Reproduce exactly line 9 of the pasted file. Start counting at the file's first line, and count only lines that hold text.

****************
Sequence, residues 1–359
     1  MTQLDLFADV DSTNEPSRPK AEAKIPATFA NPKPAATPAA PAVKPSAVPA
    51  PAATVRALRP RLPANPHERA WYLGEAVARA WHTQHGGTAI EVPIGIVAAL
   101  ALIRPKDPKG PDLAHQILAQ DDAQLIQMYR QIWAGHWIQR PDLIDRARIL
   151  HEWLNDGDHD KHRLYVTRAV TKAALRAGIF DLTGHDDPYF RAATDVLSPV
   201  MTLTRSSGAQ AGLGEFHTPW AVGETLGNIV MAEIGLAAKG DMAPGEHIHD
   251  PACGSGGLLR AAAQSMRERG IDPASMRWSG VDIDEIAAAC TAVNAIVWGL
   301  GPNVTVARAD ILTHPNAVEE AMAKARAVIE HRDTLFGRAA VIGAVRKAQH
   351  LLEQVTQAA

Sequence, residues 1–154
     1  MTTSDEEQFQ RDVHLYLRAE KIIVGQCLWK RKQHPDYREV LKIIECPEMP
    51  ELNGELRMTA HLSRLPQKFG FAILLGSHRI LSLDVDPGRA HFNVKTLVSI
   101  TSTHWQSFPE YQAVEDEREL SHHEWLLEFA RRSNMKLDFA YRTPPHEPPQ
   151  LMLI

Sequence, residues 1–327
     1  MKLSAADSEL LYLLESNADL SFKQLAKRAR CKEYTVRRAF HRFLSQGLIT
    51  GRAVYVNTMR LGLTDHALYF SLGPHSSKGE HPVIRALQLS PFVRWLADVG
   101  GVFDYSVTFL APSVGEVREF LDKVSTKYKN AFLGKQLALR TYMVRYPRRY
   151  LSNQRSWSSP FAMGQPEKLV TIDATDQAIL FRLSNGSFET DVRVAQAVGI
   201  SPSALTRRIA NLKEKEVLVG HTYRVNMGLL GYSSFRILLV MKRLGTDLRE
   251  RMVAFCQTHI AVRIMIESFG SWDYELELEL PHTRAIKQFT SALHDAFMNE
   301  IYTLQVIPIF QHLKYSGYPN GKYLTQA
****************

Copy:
   351  LLEQVTQAA